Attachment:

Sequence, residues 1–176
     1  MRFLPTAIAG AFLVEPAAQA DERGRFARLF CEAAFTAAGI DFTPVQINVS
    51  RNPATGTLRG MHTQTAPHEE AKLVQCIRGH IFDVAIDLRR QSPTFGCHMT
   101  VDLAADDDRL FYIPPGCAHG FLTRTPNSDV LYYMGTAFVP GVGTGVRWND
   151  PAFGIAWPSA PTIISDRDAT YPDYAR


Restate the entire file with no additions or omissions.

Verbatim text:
Sequence, residues 1–176
     1  MRFLPTAIAG AFLVEPAAQA DERGRFARLF CEAAFTAAGI DFTPVQINVS
    51  RNPATGTLRG MHTQTAPHEE AKLVQCIRGH IFDVAIDLRR QSPTFGCHMT
   101  VDLAADDDRL FYIPPGCAHG FLTRTPNSDV LYYMGTAFVP GVGTGVRWND
   151  PAFGIAWPSA PTIISDRDAT YPDYAR